Close observers of contemporary Turkey will agree with the judgment that today, Islamists are no longer intellectual and the intellectuals are no longer Islamists. Long gone is the iconic figure of the Islamist intellectual who used to occupy the front row of every public debate, speaking in the name of the oppressed. The relatively sudden disappearance of Islamist intellectuals from the public scene in Turkey is a story not of a silent withdrawal, but of a spectacular fall. What led to their extinction was their brush with power.

Both the hopeful protagonists and fearful antagonists of Islamism harbored the same idea: that there was something specifically Islamic about it. Those who saw Islam as party to the infamous clash of civilizations all agreed on some sense of Muslim distinctiveness (call it the Islamic mystique). The Islamists celebrated that imagined uniqueness as their identity, while the Orientalists warned of the political perils of that radical cultural difference. Their mutual dislike did nothing to undermine their common expectation that Islam had something special to offer.

Islamist intellectuals exploited to the last atom the structural opening offered by the postmodern turn in Western thought, where colonial European guilt unjustifiably endowed non-Western claims of authenticity with the status of alternative. Unlike older generations of Muslim modernists (such as Mehmed Akif), who spoke of importing the science and technology of the West while preserving their own culture, the Islamist intellectuals of the late twentieth and early twenty-first century were more radical in their rejection of Western modernity, whose technology and culture, in their estimation, could not be separated from one another. These thinkers (people like Ali Bulac and Ismet Ozel) appeared to claim a greater sense of authenticity for Muslim identity. Coupled with the identity politics of the era, it all sounded convincing.

Western postmodernism was an internal critique of European modernity, assisted by post-colonial encounters with non-Western reality and the drive to transcend totalitarian rationalism. One of the inadvertent consequences of postmodernism was that, in its critique of modernity, it provided a cover and a lifeline for Islamism as a threat to Islam and humanity at large. Islamists appropriated and recycled much of the critique of Western modernity from both the right (such as Spengler, Heidegger, and Schmitt) and the left (such as post-colonial thought, the Frankfurt School, Edward Said, and anti-imperialism). This new Islamism moved away from a diagnostic interest in solving the concrete problems of underdevelopment in the Muslim world toward a nativist identity politics—equipped with the tools of postcolonial critique—that sought to contend with Western imperialism.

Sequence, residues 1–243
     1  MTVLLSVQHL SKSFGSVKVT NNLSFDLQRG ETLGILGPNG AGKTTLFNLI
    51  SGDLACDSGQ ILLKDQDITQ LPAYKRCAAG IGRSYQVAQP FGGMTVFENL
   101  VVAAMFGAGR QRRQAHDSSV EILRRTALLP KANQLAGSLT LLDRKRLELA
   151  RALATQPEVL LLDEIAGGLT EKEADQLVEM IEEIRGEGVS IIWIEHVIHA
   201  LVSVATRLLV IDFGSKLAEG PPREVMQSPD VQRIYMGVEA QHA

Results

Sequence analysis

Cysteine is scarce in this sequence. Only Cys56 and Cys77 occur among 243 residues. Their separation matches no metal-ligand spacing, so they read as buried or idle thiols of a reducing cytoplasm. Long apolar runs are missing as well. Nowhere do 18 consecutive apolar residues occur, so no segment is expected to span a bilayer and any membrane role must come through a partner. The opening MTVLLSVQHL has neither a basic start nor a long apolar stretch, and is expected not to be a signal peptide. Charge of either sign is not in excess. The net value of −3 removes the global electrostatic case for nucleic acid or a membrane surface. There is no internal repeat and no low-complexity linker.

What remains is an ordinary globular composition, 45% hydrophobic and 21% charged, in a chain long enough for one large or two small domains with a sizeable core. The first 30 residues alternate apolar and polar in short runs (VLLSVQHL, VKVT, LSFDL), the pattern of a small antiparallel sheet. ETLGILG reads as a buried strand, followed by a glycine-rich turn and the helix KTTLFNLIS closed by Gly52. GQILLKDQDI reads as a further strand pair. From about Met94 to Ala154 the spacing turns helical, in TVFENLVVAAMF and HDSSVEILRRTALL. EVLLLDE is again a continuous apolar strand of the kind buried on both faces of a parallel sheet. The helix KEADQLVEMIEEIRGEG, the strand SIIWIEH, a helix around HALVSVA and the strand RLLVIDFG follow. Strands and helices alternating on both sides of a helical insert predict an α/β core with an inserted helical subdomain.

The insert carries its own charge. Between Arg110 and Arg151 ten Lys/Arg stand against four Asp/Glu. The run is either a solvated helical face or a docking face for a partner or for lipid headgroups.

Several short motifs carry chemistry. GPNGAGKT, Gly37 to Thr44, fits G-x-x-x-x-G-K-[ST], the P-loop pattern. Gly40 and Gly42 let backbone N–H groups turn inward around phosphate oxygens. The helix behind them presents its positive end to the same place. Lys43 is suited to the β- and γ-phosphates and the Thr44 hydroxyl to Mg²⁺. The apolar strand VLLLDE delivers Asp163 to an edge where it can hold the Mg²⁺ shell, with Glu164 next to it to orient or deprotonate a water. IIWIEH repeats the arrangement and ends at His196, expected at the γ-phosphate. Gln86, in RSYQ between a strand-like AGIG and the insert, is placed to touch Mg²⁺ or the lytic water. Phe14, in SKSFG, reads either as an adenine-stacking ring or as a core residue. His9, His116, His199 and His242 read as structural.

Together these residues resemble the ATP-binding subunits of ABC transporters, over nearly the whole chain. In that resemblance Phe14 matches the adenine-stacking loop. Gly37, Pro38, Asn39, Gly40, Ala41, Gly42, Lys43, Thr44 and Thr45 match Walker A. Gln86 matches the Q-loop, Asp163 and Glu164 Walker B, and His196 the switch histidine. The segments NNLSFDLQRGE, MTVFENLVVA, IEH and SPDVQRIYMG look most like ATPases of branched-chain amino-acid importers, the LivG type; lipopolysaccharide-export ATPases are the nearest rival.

As victims of decades-long Kemalist repression, in the late 1990s the Islamists began flirting with liberal ideas in the age of globalization. They were at the forefront of the defense of justice, human rights, democracy, civil society, and so on, and were partners in the elaboration of ideas of pluralism, tolerance, and anti-militarism. Parties seeking justice and intellectuals claiming authenticity and equal rights flourished in the liberal climate of the period. Humble yet radical voices such as Ali Bulac and Abdurrahman Arslan were supplemented by a more academically confident cohort like Yasin Aktay, Omer Celik, and Yalcin Akdogan. But the younger generation was soon to be absorbed by the demands of the political party, as the new millennium witnessed the transition of Islamist politics from victimhood to a hegemonic control of state power.

The banality of Islamism became clear only when Islamists came into contact with the oxygen of political freedom. Their experiment with power, which first began with municipal opportunities in the ’90s, took a toll, but the effect remained negligible. It was with the meteoric rise to power of AKP (the Justice and Development Party) in the 2000s that the dramatic fall of the Islamist intellectuals began in earnest. With a few exceptions from the older generation and almost no exceptions among the younger, they swiftly submitted to the demands of popular politics and ended up serving as apparatchiks in exchange for ranks and positions within the party. Individuals like Yalcin Akdogan articulated a new vocabulary for the conservative turn. Political Islamism later took on a populist and nationalist character.

Having exploited the help of liberals and the progressive left in their ascent to power, the Islamists underwent a spectacular change of heart. Those conscientious Islamist intellectuals who had been speaking truth to power suddenly became hucksters of party politics and petty legitimizers of oppressive policies. Turkish Islamism offered the world an ugly Muslim nationalism, a nouveau-riche ethos of conspicuous consumption, and kleptocratic handling of public resources.

Dragged by party politics into the desert of populist nationalism, today Islamism in Turkey is associated in the public mind with corruption and injustice. And no self-respecting intellectual identifies with Islamism.